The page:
Chinese police have arrested 1,530 spammers who’ve been driving around, spewing spam at people’s phones from mobile, fake base stations.
According to Reuters, China’s Ministry of Public Security announced on 25 March 2014 that the arrests are part of a campaign that kicked off in February.
So far, the news agency reports, authorities have seized more than 2,600 fake base stations and identified 3,540 suspected criminal acts.
An army of 1,530 spammers might sound like a lot, but in this – the world’s biggest mobile phone market – it’s but a drop in the bucket.
Reuters reports that just one of the criminal groups discovered, operating in the northeastern province of Liaoning, on the border with North Korea, is suspected of sending more than 200 million spam messages.
These so-called fake base stations are low-cost, compact SMS servers from which crooks send out text messages spoofed to look like they’re coming from any sender’s number – including from officials, public services or legitimate banks.
A particular all-in-one SMS server package, consisting of a laptop, a GSM mobile phone, an SMS server box, an antenna, and a USB data cable, sold underground for RMB 45,000 ($7,200, £4,380).
Cybercrooks often throw them into a van or car, The Register reports, then drive through city streets.
The SMS server sends a high-power signal to announce itself as a base station, forcing all nearby mobile phones to disconnect from the legitimate base stations of their network carriers and instead switch to the bogus base station.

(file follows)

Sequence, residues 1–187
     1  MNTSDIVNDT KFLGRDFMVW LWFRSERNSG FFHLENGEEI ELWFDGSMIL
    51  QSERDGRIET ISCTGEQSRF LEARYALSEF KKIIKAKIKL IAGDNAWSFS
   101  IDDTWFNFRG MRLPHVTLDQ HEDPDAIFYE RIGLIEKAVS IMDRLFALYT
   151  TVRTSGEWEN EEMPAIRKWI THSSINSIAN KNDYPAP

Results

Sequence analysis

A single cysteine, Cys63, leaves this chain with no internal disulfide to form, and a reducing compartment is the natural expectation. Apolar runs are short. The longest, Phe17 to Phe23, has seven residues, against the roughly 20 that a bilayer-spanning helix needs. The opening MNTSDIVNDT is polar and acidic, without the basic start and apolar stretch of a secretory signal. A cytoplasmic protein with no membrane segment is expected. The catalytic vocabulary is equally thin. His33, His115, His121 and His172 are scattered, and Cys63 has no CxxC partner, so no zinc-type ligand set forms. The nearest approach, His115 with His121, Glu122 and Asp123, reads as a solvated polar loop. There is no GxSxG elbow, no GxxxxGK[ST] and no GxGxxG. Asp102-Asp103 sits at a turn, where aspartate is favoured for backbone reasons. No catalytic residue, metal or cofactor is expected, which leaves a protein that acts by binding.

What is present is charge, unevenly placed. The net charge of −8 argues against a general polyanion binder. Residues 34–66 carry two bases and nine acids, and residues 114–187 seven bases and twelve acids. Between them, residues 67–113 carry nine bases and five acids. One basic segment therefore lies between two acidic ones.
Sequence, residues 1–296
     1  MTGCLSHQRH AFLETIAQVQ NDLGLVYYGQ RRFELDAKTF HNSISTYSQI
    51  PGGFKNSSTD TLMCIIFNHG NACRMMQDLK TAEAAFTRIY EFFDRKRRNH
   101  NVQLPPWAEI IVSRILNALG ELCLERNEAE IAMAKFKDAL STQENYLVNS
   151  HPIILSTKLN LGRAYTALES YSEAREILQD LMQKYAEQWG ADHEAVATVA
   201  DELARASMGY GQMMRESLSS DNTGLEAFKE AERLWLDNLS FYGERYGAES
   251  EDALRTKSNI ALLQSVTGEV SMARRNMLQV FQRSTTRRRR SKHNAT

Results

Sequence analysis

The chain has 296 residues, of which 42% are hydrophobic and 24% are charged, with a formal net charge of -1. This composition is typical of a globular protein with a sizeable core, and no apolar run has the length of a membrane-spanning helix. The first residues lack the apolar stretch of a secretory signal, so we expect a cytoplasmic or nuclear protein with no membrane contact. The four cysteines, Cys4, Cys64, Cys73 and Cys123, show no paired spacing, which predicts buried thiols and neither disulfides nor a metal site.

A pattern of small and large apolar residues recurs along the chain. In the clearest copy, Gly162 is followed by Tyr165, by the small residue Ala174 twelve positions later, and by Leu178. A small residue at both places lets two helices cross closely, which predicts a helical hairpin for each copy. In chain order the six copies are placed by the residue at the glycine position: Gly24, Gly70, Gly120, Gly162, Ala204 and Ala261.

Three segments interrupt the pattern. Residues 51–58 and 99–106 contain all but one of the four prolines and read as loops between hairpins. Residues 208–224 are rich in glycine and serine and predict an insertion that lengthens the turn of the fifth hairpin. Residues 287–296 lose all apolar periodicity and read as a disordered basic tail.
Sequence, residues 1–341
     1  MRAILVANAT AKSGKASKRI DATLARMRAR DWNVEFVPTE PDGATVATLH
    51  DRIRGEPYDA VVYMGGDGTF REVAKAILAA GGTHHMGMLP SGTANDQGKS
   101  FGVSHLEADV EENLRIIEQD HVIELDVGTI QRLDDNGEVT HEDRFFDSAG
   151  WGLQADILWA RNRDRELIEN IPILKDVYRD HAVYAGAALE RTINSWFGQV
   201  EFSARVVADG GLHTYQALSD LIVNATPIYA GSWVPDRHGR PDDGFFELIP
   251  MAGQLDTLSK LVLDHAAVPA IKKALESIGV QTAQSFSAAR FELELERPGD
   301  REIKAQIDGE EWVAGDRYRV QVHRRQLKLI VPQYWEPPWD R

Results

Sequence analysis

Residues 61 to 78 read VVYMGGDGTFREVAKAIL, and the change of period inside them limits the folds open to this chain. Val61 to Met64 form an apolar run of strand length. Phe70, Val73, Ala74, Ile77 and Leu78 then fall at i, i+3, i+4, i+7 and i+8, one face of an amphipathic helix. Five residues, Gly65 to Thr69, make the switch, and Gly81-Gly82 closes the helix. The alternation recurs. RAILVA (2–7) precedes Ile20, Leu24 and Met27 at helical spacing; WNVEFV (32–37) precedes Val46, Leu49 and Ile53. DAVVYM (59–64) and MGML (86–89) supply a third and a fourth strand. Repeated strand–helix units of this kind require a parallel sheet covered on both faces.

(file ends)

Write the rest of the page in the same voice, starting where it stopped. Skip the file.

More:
With people’s phones gripped in this radio-frequency headlock, the crooks are then free to cough up spam as they drive along.
A Beijing News story from November 2013 reported on a typical setup: a van found on 27 October 2013, on World Trade Bridge, that was inundating phones with more than 2,000 spam texts per 20 minutes.
It’s driving people nuts, the news outlet says.
According to a report from China’s state press agency, Xinhua, over the course of the first half of 2013, the Chinese were bombarded with more than 200 billion spam messages, with the average Chinese person being hit with more than 150.
The Beijing News talked to a taxi driver, Yang Zhao Jian, who said that spam messages are coming throughout the day and into the night, bleating about used-car dealers, nearby apartments for sale, and facelifts, among other things.
Sometimes he “can not wait to throw the phone,” he said.
Beyond being annoying, of course, SMS spam can entail significant risk of malware and fraud.
The Beijing News related the story of one woman who received a message telling her to put money into two bank accounts. Because of the text messages, she sank some serious yuan into bank accounts only to find that the messages hadn’t come from her banks after all.
What surprises me is that I haven’t heard about fake base stations being used in this way in other countries.
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